English   español  
Please use this identifier to cite or link to this item: http://hdl.handle.net/10261/164270
logo share SHARE logo core CORE   Add this article to your Mendeley library MendeleyBASE

Visualizar otros formatos: MARC | Dublin Core | RDF | ORE | MODS | METS | DIDL
Exportar a otros formatos:


Impedimetric antimicrobial peptide-based sensor for the early detection of periodontopathogenic bacteria

AuthorsHoyos-Nogués, Mireia; Brosel-Oliu, Sergi; Abramova, Natalia ; Muñoz Pascual, Francisco Javier; Bratov, Andrey; Mas-Moruno, Carlos; Gil, Francisco-Javier
KeywordsImpedimetric biosensors
Antimicrobial peptides
Bacterial detection
Issue Date15-Feb-2016
CitationBiosensors and Bioelectronics 86: 377-385 (2016)
AbstractPeri-implantitis, an inflammation caused by biofilm formation, constitutes a major cause of implant failure in dentistry. Thus, the detection of bacteria at the early steps of biofilm growth represents a powerful strategy to prevent implant-related infections. In this regard, antimicrobial peptides (AMPs) can be used as effective biological recognition elements to selectively detect the presence of bacteria. Thus, the aim of the present study was to combine the use of miniaturized and integrated impedimetric transducers and AMPs to obtain biosensors with high sensitivity to monitor bacterial colonization. Streptococcus sanguinis, which is one of the most prevalent strains in the onset of periodontal diseases, was used as a model of oral bacteria. To this end, a potent AMP derived from human lactoferrin was synthesized and covalently immobilized on interdigitated electrode arrays (IDEA). X-ray photoelectron spectroscopy (XPS) and electrochemical impedance spectroscopy (EIS) were employed to optimize and characterize the method of immobilization. Noteworthy, the interaction of Streptococcus sanguinis with AMP-coated sensors provoked significant changes in the impedance spectra, which were univocally associated with the presence of bacteria, proving the feasibility of our method. In this regard, the developed biosensor permits to detect the presence of bacteria at concentrations starting from 101 colony forming units (CFU) mL−1 in KCl and from 102 CFU mL−1 in artificial saliva. Moreover, the system was devoid of cytotoxicity for human fibroblasts. These results indicate that the proposed approach can be effective in the detection of initial stages of biofilm formation, and may be useful in the early prevention and treatment of peri-implantitis.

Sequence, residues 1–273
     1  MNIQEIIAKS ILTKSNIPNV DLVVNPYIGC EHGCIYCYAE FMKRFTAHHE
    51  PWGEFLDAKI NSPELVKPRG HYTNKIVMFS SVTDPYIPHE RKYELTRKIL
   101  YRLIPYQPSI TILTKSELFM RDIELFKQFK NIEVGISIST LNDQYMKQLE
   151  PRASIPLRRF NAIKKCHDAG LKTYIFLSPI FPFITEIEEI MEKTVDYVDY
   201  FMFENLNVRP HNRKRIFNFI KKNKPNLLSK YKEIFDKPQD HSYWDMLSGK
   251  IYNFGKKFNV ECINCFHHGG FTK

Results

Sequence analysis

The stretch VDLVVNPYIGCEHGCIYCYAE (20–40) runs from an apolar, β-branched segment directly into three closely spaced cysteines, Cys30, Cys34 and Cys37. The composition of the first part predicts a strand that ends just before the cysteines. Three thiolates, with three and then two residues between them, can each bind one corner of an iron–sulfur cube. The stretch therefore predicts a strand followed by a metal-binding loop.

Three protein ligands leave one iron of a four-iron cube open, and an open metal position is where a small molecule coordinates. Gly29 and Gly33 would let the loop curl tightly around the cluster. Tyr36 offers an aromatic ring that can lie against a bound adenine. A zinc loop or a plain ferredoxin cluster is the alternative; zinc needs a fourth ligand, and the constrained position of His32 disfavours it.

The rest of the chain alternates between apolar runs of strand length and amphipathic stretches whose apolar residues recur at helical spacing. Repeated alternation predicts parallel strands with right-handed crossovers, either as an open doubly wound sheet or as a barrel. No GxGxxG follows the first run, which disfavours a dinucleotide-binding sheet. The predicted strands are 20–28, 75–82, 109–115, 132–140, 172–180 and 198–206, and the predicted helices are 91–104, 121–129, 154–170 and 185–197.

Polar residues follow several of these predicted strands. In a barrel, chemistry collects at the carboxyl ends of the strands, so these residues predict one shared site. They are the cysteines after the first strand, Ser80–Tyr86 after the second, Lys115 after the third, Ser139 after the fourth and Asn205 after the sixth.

Publisher version (URL)http://dx.doi.org/10.1016/j.bios.2016.06.066
Appears in Collections:(IMB-CNM) Artículos
Files in This Item:
File Description SizeFormat 
BIOS-S-15-04083-2.pdf2,93 MBAdobe PDFThumbnail
Show full item record
Review this work

Related articles:

WARNING: Items in Digital.CSIC are protected by copyright, with all rights reserved, unless otherwise indicated.